The Ballad of Sprikit the Bard (And Company), by Seán O'Boyle

20 Mar 2024

The Book

The Ballad of Sprikit the Bard (And Company)
Pages: 478
Age Group: Adult
Published on 15 Mar 2024
Publisher: Self-Published
Available on:


The Free Lands; a far off fantastical world full of noble warriors, gallant heroes and gentle souls. Sprikit The Bard is precisely none of these things. However he’s not without his own unique qualities. He enjoys the simple things in life; song, merriment and (mostly) victimless swindles.

But this little Bard carries a secret. He has a mission to do, a promise to keep, as an elite force seeks to intercept him. The journey ahead is long and dangerous with hurdles aplenty; monstrous creatures, dastardly villains, laborious hikes and most of all - Sprikit himself

.But he’s not without allies, reluctant and disdainful as they are. Help is help at the end of the day, and By the Notes does he need it. The clock is ticking. The cavalry is coming. And Sprikit The Bard doesn’t know his arse from his elbow.

Bards love to tell tales of adventures, but will Sprikit last long enough to recount his own?  

My Review

The Ballad of Sprikit the Bard (and Company) is a fun and adventurous fantasy novel written by Seán O'Boyle. In the Free Lands, Sprikit, a small Bard, is trying to keep a promise, a journey carrying a lute that an elite force wants to recover it from him, but surviving to the task will be proven to be trickier than expected; but if wild travels have a thing is the ability to create strange groups.

Comparing your book to Discworld is accepting that you are trying to fill really big shoes, but honestly, in the case of O'Boyle, has passed the test with an excellent mark; while you can see there are crazy things in the Free Lands, those are part of what makes them unique, and they are accepted by all the characters, which are another of the strengths of this author.

Not only Sprikit is a danger for everybody (but most of the time for himself), but the group that ends accompanying him is also a delicious chaos, as they slowly grow into the reader, being both amazing: the Brute who levels up wisdom, and Tallew, who might like too much fighting; my only gripe in this aspect might be on the main villain, as it lands on the cartoonish side, in contrast with the rest of the cast.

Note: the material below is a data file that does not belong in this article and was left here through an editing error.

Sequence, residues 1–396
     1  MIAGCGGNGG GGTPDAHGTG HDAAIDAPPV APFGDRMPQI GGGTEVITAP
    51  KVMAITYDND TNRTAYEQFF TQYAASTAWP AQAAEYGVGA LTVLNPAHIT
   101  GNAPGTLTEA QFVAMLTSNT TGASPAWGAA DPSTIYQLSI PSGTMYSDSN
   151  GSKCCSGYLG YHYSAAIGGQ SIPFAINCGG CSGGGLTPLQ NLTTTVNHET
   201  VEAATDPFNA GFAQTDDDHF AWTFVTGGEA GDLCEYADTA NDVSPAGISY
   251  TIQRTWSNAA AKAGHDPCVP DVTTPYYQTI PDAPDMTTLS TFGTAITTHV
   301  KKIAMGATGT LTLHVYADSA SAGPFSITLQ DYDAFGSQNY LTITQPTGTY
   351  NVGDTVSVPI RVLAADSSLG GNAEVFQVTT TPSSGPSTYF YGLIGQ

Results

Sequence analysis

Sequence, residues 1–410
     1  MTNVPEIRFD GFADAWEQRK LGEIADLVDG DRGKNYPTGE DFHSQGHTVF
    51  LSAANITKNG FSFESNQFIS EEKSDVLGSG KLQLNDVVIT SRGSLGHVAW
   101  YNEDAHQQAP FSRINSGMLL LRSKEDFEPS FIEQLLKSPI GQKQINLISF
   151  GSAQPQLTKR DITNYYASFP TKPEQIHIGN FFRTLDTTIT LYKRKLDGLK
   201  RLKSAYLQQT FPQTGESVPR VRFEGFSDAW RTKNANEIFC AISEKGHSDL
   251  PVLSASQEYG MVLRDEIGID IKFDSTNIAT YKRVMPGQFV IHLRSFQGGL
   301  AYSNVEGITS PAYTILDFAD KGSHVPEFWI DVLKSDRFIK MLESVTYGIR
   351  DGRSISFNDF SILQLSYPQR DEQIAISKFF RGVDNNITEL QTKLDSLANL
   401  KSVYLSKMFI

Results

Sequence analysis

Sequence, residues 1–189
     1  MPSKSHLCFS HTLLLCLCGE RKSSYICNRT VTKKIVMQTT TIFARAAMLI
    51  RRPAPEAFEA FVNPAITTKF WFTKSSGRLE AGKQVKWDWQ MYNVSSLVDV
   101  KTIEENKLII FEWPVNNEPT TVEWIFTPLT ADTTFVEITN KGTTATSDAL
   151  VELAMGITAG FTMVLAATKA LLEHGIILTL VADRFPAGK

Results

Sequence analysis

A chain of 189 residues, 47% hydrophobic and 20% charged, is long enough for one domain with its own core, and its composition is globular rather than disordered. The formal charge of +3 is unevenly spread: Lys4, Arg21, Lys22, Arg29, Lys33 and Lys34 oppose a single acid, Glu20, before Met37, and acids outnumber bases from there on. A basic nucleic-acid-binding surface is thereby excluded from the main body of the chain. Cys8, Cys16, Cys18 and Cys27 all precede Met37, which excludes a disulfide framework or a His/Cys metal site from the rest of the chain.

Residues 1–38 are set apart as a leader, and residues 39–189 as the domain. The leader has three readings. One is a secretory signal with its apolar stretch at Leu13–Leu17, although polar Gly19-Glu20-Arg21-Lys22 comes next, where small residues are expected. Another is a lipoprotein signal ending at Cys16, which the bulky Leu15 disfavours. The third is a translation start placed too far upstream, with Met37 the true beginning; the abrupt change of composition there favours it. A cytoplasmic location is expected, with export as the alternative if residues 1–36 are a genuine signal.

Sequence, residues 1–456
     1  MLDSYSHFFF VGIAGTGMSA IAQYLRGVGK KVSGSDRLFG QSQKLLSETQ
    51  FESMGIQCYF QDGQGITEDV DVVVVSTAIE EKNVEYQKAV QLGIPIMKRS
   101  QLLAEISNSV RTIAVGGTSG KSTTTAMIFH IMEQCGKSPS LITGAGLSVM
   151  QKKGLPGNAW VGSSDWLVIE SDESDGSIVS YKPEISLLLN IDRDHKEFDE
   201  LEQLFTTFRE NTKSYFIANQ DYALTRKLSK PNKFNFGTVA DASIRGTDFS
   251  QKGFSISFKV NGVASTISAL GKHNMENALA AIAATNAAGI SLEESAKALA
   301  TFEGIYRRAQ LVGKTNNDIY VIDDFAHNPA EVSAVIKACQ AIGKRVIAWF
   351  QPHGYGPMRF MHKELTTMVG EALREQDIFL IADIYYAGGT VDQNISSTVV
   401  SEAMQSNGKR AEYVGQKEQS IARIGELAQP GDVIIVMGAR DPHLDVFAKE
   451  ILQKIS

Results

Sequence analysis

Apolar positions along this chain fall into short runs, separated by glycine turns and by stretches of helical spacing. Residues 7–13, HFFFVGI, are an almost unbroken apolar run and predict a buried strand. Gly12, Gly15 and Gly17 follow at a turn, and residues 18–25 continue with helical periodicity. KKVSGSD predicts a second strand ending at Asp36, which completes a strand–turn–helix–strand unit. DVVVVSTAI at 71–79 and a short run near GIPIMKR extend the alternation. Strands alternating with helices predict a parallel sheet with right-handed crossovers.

As previously mentioned, the Free Lands are a quite quirky and interesting setting, partly inspired by classic fantasy elements and D&D, but with its own lore and history, which is smoothly introduced, avoiding info-dumpings, making it a natural part of the storytelling (and there is not better storyteller for this that our own Bard).
The pacing is really adequate for this kind of story, structuring the whole book in some sort of smaller encounters/situations that tied together creates the metaphorical campaign we are reading.

If you are looking for a book that will make you feel like reading a new Discworld, definitely give a try to The Ballad of Sprikit the Bard (And Company); O'Boyle has nailed his debut, and I can't wait to see him writing more books like this one in the future!

The Author/s

Seán O'Boyle

Seán O'Boyle

Sean O'Boyle is an Irish, London-based, writer on his self-publishing journey. Since he was a young lad, he's loved creating stories; whether scribbling short fiction in his school copybooks, or creating dramatic home movies with his toys. He's even dabbled in the fine art of stand up comedy, with about half a dozen sitcom scripts rotting in the forgotten folders of his old laptops.

His love for fantasy grew during lockdown through reading the genre; epic, cozy and everything in between. And from this, his fantasy comedy adventure debut "The Ballad of Sprikit The Bard (And Company)" was born. Described as "Discworld meets Lies of Locke Lamora", he hopes readers will enjoy the characters, world and story he's been building for 3 years. Hopefully they might laugh too (or at least exhale sharply through their noses a few times).